Tony Kornheiser made some interesting statements on the radio the other day regarding what the organization in Washington D.C. should do about their terrible football team. You can read a more in depth piece about those comments here, but the main thrust of the situation was that Washington should start looking at analytics to improve their player selection process.
On the surface, I agree with this position. I am a firm believer in using useful mathematics to improve decision making processes. I started this blog in an attempt to inform people that we can develop individual player analytics in football and predict something about team performance from them.
However, in my humble opinion, Washington will not be the place that the football analytic revolution begins. Mostly I think that because of the actions of the team’s owner, Daniel Snyder. Before I say what I’m about to say, I want you to know that I have no intimate knowledge of Daniel Snyder. I’ve never even met the man. But I can observe his behavior and his public facing behavior leads me to believe something very important about Daniel Snyder and how he may see the world.
It is my impression that Daniel Snyder loves certainty. His behavior seems to follow a profile of X will do Y, Y will do Z, we want Z so therefore let’s go get X. He made a tremendous amount of money entirely on this principle. He had a small company that wanted to do something slightly different, he would go out and acquire another company that did that specific thing, and incorporate it into the original company’s machinery. He’s made his entire living on being able to understand the needs of his organization and then trusting that the assets he spends a tremendous amount of money to acquire will become worth more than what he originally paid for them.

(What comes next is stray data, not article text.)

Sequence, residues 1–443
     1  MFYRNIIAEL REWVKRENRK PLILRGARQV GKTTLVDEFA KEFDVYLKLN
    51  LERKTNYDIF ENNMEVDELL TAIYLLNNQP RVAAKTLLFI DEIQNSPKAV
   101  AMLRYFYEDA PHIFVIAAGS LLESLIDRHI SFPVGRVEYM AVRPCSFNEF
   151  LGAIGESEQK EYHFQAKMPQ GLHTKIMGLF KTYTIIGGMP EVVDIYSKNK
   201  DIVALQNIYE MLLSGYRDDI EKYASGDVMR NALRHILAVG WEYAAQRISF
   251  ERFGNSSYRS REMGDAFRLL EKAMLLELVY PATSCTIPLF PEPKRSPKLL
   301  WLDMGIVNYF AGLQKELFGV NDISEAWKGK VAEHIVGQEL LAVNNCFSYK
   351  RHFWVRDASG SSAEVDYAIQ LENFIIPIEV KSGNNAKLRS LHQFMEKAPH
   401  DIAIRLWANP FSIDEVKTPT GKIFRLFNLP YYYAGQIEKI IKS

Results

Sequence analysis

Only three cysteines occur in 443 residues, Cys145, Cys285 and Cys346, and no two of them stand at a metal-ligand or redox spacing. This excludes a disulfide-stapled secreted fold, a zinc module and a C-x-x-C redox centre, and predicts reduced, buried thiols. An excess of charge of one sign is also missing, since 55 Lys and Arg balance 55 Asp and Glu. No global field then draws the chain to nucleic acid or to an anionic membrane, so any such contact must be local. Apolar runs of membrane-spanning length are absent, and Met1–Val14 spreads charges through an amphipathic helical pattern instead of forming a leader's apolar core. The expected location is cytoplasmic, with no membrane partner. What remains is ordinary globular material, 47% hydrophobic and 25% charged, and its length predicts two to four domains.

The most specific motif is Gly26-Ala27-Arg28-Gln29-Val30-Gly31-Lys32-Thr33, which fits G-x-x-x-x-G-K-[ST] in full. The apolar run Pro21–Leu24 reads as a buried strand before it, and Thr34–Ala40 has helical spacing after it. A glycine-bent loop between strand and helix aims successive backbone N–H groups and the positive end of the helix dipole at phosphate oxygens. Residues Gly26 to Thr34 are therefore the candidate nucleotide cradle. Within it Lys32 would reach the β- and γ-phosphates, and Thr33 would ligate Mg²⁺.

Don’t get me wrong, Snyder’s certainty has served him well in the contexts he was in when he made his billions. Certainty can be a good thing for business leaders, mostly because it allows them to remain leaders. Humans are really bad at differentiating confidence from competence. Projecting certainty creates an environment where people will follow you. So, in some contexts, having lots of certainty makes a lot of sense. The only problem is, football is not one of those contexts.
It’s like my colleague who had difficulty driving on ice. She was originally from California and went to college in Arizona, so she never had to learn about what driving on icy roads is like. In addition, the person who taught her how to drive was a stock car driver. She was taught that to make the most efficient turns, you steer into the bottom of the turn, accelerate quickly through the bottom of the turn, and then steer out on the high side of the corner. And that works well for getting through turns quickly and efficiently. In addition, living in California and Arizona means you never have to confront the fundamental assumption that driving in such a way rests on – traction. If there’s no traction – like say when you’re driving on ice – one must drive in a completely different, opposite way. Accelerating through the bottom of a turn is a really good way to spin your wheels and wipe out. Instead, you have to always ensure that changes in direction never coincide with changes in speed. You can do one, but not the other. In my mind this is what Snyder is doing. He is taking a method that has always worked in the past, applying it to a different context, not recognizing that the underlying reality is different, and wiping out on the ice that is the process of building an NFL team.